Napalm, © Banksy 2005

Considered the undisputed leading champion of contemporary street art, questions abound about how this smooth operator works and how he succeeds in continuing to surprise his ever-bewildered audience by revealing new creations that can quite literally pop up overnight in any corner of the world. Shortly after putting pen to paper, a quiet corner in steel town Port Talbot in South Wales was plummeted to stardom, thanks to the satirical anti-pollution piece which has appeared on two sides of a garage. Apparently idyllic, it depicts a child catching not snowflakes but ash on his (or her) tongue, and the video posted on Banksy’s Instagram account makes for chilling watching as the camera pans out to show the steelworks in the background.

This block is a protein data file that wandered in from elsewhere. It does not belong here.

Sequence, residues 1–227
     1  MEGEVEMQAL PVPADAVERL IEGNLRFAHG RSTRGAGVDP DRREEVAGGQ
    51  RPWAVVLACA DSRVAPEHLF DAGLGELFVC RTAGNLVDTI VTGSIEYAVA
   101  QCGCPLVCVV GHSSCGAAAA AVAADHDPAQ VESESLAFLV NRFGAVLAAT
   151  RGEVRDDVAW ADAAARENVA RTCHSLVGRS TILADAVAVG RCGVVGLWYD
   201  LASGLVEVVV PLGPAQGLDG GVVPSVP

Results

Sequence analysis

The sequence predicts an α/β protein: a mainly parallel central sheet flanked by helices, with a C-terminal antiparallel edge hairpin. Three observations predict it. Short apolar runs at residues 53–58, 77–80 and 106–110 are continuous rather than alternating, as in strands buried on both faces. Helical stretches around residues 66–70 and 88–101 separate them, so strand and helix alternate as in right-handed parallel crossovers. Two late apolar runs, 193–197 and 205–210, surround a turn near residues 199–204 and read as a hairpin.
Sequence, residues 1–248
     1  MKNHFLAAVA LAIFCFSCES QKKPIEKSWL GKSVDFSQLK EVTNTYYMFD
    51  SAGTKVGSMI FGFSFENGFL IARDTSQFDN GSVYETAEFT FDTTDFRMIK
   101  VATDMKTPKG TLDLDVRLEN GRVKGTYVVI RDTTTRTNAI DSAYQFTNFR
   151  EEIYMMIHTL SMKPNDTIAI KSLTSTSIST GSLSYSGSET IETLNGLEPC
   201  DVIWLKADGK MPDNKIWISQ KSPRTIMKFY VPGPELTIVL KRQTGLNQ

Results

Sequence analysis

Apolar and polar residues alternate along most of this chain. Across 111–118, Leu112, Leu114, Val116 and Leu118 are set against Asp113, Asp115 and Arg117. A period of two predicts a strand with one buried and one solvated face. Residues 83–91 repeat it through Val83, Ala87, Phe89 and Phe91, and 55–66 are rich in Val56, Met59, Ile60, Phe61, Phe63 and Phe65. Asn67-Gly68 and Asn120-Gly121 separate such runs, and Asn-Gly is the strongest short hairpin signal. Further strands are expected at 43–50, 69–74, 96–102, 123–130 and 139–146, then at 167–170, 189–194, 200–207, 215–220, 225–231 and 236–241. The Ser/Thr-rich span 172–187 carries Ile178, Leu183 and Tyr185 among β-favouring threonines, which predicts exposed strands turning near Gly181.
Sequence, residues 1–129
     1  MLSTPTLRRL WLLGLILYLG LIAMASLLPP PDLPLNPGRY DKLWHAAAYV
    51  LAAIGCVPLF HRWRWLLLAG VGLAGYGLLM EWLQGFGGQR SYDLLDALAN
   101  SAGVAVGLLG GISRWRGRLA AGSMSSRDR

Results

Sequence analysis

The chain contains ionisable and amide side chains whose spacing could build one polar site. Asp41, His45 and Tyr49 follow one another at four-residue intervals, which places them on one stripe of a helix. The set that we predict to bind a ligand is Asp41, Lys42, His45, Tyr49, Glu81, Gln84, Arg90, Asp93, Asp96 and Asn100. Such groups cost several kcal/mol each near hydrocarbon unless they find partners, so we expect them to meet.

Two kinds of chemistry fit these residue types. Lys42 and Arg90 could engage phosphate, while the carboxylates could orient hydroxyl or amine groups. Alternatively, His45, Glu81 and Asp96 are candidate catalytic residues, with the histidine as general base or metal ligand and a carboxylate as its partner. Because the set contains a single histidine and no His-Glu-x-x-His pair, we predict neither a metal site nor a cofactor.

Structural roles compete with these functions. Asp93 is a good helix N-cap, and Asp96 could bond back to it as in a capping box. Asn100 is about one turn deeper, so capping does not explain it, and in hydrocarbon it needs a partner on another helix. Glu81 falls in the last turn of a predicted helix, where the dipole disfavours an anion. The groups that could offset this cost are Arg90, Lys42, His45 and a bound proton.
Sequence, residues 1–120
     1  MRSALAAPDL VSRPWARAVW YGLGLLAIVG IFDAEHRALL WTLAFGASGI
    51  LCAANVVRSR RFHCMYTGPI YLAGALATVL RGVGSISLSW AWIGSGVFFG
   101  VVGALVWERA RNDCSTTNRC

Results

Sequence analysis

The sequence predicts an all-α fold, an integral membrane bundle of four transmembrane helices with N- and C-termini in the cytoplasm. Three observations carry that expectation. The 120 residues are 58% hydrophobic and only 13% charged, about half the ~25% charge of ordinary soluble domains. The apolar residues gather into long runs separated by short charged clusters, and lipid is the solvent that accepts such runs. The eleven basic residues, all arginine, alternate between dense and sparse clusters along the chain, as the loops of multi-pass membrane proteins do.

Girl with Red Balloon, © Banksy 2004

Back in October 2018, the art world at Sotheby’s was quite literally agog as the gold-framed artwork “Girl with Balloon” was partially shredded a few precious moments after the hammer came down on a winning bid of over one million pounds. Collective, complicit stroke of genius or single-minded, self-destructing hoax? Either way, the ensuing “Love is in the Bin” intervention resulted in the making of history, with this first ever piece of artwork to have been created live at an auction. Meanwhile, the value of the work has since increased even further.

I Can’t Believe You Morons Actually Buy This Shit, © Banksy 2007

A rebel with a cause, the elusive Banksy has come a long way since surreptitiously hanging his own subversive works alongside paintings in Pimlico’s Tate Britain, and with such large sums of money now being bandied about the jury is out about whether as he claims: “It’s not about the hype, it’s not about the money”. Above all, every act by this artist is so clearly thought through with piercing intelligence that inevitably we have to question how to reconcile the incisive social comment that is the very essence of street art with the seemingly unavoidable commercial aspects that come with his notoriety.